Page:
Pain is very costly. For those of us who have chronic illnesses or disabilities, there’s the added aspect of knowing that however well you may be doing at this moment, there will be another moment in the future where you will be brought low.
So I had a particularly strong reaction when I read this post from Hannah Paterson (NUS Disabled Students’ Officer) about International Day of Persons with Disabilities. There’s a lot to like about what she says and I am very proud of the National Union of Students’ for actively campaigning on issues affecting students with disabilities, but I can’t bring myself to agree with her exhortation that we ‘celebrate being disabled’ or ‘celebrate disability’. Thank you, but no. Crohn’s Disease is terrible, as are the things it has done to my life. I decline the invitation to celebrate agonising pain. I shan’t be celebrating the anal sphincter spasms that prevent me from working and are so humiliating that I can’t even explain to my supervisor what it is that’s been impeding my productivity. I won’t celebrate the times I’ve held very still and only taken slow, shallow breaths to avoid moving my abdominal muscles any more than necessary. I refuse to celebrate the time I went to Accident and Emergency screaming in pain only to be ignored for ‘drug-seeking behaviour’ then dismissed as ‘a bad case of flu’.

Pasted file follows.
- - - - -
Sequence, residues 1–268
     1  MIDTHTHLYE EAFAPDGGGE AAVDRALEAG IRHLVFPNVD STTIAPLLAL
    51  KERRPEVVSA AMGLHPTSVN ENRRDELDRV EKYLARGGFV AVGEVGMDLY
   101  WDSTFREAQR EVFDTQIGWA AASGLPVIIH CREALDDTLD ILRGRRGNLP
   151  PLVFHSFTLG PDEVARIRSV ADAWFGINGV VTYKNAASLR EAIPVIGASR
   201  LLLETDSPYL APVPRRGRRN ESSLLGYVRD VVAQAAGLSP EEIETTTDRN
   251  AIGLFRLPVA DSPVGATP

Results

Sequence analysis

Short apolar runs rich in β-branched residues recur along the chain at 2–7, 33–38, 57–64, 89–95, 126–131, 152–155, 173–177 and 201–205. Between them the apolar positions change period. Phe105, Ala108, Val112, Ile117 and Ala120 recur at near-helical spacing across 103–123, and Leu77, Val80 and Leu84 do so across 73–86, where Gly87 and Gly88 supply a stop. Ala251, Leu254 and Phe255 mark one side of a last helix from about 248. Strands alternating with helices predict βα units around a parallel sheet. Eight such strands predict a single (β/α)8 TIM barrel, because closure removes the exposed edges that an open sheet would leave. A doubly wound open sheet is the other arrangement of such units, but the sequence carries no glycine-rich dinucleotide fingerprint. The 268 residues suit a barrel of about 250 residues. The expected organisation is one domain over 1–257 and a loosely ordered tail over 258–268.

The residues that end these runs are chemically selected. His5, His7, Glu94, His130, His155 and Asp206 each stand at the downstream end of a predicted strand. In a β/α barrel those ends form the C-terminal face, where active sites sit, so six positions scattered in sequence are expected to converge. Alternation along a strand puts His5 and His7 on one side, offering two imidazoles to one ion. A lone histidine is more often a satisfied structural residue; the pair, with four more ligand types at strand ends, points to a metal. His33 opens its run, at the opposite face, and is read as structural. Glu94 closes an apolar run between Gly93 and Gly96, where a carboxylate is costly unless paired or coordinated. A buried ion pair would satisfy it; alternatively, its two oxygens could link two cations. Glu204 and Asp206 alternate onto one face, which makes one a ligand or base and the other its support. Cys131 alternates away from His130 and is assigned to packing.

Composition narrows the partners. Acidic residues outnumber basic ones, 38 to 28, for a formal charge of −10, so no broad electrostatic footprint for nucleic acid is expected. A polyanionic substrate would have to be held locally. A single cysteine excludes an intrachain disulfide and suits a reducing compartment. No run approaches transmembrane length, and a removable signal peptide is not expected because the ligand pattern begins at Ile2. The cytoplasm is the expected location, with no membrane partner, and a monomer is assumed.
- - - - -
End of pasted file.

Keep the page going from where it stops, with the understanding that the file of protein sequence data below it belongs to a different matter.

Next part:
None of which is to say that I haven’t found things to celebrate since my diagnosis. I prefer, however, to celebrate diversity, accessibility, opportunity, and inclusion. I celebrate people who happen to have disabilities rather than the disabilities themselves. Can’t we use an opportunity like International Day of Persons with Disabilities to share competing narratives in which students and researchers with disabilities and chronic illnesses are lifted up as role models even if they did unthinkable things like take time out or admit when they were in pain? Silent and stoic sufferers who overcome adversity by never acknowledging it are not helpful exemplars.
It's a great blog with writing by people who are in the trenches; I hope that it will be helpful to the person who occasioned this recent post at the Philosophy Smoker.